Jessica Valis: I still do that all the time. Honey, look, there’s an extra space after this word, or the line height is off, or the, oh, I think they used a different font here. And it’s just like, honey. Or the time. 

Jessica Valis: Jessica. Nobody knows. Nobody cares. I’m like, I care, I care. And I still do that. Same. I just, actually, I just did a website for a local restaurant, and I’m going through and like, look at this on the print version. 

Jessica Valis: Well, we’ll fix that on the web. Nobody will, you know, we’ll get that. Ironed out. 

Monique Jenkins: Yeah, Bryan hates me. He’s like, baby, I just want you to order the cheeseburger. There’s no time to critique I’m hungry and I’d be like just give me like five minutes to just tell them what could be better about this menu And he’s like they don’t care.

Jessica Valis 

There not gonna spend five hundred dollars on a reprint  

Monique Jenkins: I know and he’s like they don’t care No one else has noticed it the commas aren’t in the right place just get over it 

Jessica Valis: Listen the lack of comma 

Jessica Valis: or the irregular bolding of this menu is going to make my burger not taste as well. Okay? It’s gonna destroy the entire user experience of this restaurant for me, okay?  

Monique Jenkins: Exactly. He does not like me. Some days. I get it. It’s cool. So let’s tell the people how our two different agencies, how we kind of collaborate on projects. 

Jessica Valis: Yeah, so we kind of already talked about how Monique’s side of the business focuses on more UX. And mine kind of focuses a lot more on just like visuals and the SEO side of things. And my clients tend to be on a smaller scale. 

Jessica Valis: They are small local businesses. It started off with, I mean, I said I couldn’t take my portfolio with me. So I was taking any client that came my way during COVID, budgets were small. So that’s kind of how I got into working with small businesses. 

Jessica Valis: But now I’ve gravitated away from just like startups to small person businesses between one to maybe 10, 20 team members on board. They’ve been in business for a couple of years. They’re ready to make that transition from this was my original website. 

Jessica Valis: We’ve grown significantly. Now we’re trying to, you know, grow up, grow up a little bit. So I have, I take on a couple clients every month. And then they tend to stay with me for a while. I take on multiple projects and, you know, they’ve got decent budgets for small businesses.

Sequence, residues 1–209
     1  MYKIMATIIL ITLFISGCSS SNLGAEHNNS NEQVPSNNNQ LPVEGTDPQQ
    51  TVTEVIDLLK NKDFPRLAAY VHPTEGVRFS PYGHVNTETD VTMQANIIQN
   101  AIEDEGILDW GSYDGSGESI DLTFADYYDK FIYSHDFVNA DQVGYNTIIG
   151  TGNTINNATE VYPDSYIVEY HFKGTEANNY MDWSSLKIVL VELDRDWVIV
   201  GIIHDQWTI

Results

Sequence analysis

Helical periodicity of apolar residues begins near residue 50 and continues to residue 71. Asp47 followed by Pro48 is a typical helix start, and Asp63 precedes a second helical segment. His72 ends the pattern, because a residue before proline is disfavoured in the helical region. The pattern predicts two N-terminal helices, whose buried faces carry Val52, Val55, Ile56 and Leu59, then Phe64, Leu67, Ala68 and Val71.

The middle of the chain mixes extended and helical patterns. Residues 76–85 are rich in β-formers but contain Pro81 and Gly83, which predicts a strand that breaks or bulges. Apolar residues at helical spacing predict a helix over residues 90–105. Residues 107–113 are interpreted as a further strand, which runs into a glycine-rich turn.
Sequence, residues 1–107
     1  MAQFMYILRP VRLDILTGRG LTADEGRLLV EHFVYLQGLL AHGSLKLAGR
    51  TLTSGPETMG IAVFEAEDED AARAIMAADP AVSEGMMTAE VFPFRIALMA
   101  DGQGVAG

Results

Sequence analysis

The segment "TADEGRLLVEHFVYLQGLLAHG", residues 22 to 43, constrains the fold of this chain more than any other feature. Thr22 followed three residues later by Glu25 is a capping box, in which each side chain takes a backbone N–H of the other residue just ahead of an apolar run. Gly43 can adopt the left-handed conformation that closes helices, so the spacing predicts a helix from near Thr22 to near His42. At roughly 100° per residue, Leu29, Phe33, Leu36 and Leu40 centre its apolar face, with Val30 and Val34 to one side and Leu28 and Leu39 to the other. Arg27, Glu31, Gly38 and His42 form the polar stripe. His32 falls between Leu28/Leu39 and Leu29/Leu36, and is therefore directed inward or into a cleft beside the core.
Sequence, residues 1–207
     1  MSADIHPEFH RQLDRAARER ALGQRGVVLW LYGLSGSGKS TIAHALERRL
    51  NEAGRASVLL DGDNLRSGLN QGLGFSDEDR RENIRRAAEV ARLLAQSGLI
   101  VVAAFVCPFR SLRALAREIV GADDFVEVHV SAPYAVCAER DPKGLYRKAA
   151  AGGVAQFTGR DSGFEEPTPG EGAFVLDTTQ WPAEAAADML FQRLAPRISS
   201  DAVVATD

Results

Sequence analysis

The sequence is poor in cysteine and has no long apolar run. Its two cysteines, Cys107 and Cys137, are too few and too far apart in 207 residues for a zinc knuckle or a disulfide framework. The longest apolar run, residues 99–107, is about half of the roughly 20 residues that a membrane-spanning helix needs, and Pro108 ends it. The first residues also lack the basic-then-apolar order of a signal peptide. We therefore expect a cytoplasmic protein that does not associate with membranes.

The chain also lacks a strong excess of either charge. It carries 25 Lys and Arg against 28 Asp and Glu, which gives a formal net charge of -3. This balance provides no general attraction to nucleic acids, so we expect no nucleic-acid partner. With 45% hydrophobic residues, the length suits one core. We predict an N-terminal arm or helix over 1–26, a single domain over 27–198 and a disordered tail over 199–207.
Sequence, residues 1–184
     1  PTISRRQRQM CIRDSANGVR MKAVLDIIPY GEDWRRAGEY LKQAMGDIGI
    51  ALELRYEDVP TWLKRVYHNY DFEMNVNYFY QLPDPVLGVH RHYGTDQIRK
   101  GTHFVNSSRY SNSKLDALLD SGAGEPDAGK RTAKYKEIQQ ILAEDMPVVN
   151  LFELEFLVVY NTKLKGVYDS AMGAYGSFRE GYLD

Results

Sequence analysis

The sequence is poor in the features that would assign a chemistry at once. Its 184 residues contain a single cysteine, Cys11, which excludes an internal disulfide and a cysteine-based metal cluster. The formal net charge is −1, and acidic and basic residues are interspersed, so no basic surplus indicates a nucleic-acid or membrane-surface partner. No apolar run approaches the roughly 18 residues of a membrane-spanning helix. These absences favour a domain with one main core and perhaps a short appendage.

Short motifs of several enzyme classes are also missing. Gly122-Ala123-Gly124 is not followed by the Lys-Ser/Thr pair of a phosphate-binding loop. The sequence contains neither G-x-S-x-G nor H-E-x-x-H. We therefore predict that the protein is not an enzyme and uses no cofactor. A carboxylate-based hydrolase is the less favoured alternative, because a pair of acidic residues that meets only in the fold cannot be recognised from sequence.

Jessica Valis: And I try to work around them. But I think you’re different in that you’ll get that one big client. And that is your client all year.  

Monique Jenkins: Yeah, show me the money and then we can talk about whatever you want to talk about. Yeah, our audience are different because, yeah, I think yours is more small businesses. I don’t really know how people be finding me 100%.  

Monique Jenkins: I think it’s all networking at this point for my agency. But yeah, I take on clients that have a larger budget, probably in like the $30, $40 ,000, $50 ,000 range and then work with them on a project.  

Monique Jenkins: I think sometimes the project, it’s probably take a year, sometimes the projects take a week. Like we’ve done pushed out a website, a promotional website in about a week for a client for $30 ,000. And I do, as Jessica said, focus on user experience.  

Monique Jenkins: So how can we use what the user wants and what the business wants in order to effectively push out a promotional offer or something that we intend for this audience segment to do? And it’s been working out well.  

Monique Jenkins: I think our businesses mesh in a lot of different ways because we serve different clients. And you get to experience different things. Like the level of attention or detail, I think that I’ve gotten from clients who had a $500 budget versus the level of interest and things like that from a $50 ,000 client are wildly different.  

Monique Jenkins: And it’s interesting to just note that as an option out there in the universe, which is people who have a lower budget tend to be a little bit more in the weeds of the day -to -day interaction of what you’re doing with their project, people who pay you $50 ,000 are the expert and we expect for you to get it done.  

Monique Jenkins: So it’s a very interesting dynamic how our audience segments kind of change. 

Jessica Valis: Yeah, it’s interesting too because when I say like working with small businesses, these still aren’t even the clients who, oh, I’ve got a $500 budget to redo my website. They’re usually within like the $10 ,000 range and it’s all about working within that budget because not only are these small businesses, but their first experience with a website designer or with SEO, they were likely burned. 

Jessica Valis: So they’re not about to hand over, you know, tens of thousands of dollars, but what’s great about starting kind of in the low stage is that we build that trust factor and most of them stay on as retainer and we continue to build that relationship. 

Jessica Valis: And you’re working with me now on one client, one of my very first clients, and they came back and they said, we’re ready. We love the site still. We want to glow up. And I was like, okay, well, I’m going to bring Monique on and you’ve got a bigger, a little bit of a bigger budget this time and we’ll bring that UX experience on and they are so excited.